Date of Award
Doctor of Philosophy (PhD)
Michelle L. Kelley
James F. Paulson
Kathie S. Zimbro
Lifestyle behaviors, such as physical activity and food consumption choices, play a critical role in the development of chronic diseases and ultimately mortality. Optimally, multiple health-related behaviors are changed to reduce risk rather than targeting only one risk behavior. The purpose of the current research was to examine the potential utility of the spillover effect in the application of a multiple health behavior intervention. The online intervention developed in this study aimed primarily to foster self-regulation, bolstered by impulsivity control and self-efficacy, in one health-related behavior (i.e., physical activity) in order to potentially affect change in other health-related behaviors (e.g., fruit consumption). Through retrospective pre-post design and daily diary design, data was analyzed for differences in behavior change over thirty days between the spillover effect condition and the traditional intervention condition. Exploratory analyses indicated initial support for further application and testing of the spillover effect as a practical, less resource dense and potentially less overwhelming, alternative to traditional direct intervention on multiple health behaviors.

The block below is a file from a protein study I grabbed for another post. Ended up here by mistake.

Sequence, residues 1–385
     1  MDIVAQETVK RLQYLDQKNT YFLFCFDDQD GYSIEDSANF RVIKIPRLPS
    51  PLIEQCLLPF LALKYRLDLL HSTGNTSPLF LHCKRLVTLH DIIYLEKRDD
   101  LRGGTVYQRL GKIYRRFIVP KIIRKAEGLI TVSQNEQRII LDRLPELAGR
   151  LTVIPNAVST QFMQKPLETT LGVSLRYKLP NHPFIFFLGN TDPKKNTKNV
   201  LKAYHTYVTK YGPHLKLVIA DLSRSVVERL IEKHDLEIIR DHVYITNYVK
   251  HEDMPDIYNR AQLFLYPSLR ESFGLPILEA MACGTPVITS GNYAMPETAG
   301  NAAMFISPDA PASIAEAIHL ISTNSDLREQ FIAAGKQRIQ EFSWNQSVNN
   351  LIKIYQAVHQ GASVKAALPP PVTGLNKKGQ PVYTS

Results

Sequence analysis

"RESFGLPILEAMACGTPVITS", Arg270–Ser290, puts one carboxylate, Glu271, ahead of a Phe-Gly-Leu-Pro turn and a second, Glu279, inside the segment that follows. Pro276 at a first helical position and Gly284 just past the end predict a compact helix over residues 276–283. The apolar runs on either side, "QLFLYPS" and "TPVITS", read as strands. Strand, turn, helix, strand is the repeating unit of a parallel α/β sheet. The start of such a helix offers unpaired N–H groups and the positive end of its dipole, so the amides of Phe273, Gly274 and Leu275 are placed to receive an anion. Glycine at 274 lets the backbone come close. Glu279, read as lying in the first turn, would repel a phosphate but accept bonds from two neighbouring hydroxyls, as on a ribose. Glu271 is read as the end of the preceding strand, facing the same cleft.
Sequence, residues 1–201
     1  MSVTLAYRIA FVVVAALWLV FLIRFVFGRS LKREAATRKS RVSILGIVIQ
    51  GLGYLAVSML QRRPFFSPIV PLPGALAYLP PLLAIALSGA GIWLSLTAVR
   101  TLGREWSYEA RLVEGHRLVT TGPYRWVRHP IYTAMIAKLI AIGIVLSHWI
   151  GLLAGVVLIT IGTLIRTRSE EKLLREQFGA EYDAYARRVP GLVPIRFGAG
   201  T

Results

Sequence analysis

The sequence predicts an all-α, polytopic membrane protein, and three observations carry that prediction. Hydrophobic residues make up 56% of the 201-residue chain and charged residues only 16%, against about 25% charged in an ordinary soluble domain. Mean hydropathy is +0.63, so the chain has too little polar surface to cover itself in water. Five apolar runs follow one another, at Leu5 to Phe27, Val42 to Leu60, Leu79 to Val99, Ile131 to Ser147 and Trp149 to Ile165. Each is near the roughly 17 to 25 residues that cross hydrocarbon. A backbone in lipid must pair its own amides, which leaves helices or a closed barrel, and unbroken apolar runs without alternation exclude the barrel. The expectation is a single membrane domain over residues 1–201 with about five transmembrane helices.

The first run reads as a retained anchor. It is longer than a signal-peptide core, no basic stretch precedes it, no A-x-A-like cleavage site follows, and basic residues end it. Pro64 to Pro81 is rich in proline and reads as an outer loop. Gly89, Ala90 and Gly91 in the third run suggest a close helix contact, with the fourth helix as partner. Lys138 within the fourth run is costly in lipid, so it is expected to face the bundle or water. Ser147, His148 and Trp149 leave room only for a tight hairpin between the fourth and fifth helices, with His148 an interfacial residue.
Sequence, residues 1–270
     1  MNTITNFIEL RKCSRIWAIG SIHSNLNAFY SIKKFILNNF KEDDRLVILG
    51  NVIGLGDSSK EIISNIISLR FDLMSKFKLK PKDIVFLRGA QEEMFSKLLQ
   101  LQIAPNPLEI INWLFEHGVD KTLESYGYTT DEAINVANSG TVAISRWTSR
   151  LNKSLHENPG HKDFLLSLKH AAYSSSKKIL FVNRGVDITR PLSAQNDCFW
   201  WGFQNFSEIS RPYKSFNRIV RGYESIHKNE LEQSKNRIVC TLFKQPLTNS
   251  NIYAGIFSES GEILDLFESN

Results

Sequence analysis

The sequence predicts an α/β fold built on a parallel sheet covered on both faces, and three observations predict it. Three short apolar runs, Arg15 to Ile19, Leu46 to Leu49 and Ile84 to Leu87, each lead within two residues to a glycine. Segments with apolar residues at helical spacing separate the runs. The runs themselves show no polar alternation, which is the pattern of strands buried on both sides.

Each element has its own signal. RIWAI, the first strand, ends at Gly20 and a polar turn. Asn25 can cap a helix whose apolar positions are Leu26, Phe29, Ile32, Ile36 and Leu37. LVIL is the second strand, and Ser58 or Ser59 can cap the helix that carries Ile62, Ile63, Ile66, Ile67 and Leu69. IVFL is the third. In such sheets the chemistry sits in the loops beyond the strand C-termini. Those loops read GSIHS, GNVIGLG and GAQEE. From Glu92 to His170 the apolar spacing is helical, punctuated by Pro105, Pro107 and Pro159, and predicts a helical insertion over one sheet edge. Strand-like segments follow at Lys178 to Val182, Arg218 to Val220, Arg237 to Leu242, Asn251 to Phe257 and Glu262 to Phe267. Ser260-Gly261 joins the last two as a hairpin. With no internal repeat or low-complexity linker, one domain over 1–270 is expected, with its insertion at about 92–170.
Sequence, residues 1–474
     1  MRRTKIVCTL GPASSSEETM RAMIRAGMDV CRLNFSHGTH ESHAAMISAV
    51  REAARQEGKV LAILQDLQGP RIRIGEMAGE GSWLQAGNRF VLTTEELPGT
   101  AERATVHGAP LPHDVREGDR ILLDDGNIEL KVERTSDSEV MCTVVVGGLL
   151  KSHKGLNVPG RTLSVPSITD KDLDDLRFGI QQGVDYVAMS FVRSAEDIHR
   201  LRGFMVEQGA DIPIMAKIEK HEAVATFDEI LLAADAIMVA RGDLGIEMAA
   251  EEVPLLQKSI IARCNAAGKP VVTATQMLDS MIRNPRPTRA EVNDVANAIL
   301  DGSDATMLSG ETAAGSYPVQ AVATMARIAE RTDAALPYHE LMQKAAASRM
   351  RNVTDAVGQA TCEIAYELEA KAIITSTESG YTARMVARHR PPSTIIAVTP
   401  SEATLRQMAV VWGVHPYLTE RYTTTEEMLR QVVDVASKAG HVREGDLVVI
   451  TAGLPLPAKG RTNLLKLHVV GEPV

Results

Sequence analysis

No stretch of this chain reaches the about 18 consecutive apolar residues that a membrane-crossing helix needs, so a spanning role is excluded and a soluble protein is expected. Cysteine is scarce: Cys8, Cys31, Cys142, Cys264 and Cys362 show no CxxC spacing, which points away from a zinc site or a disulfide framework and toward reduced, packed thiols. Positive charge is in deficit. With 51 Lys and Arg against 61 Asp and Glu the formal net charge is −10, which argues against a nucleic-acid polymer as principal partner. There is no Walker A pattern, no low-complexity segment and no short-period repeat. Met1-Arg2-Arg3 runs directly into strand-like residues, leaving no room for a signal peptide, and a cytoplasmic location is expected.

D'Lima, Gabrielle M..
"Health Promotion in Multiple Domains: Capitalizing on the Spillover Effect"
(2014). Doctor of Philosophy (PhD), dissertation, Psychology, Old Dominion University, DOI: 10.25777/mbz2-ex36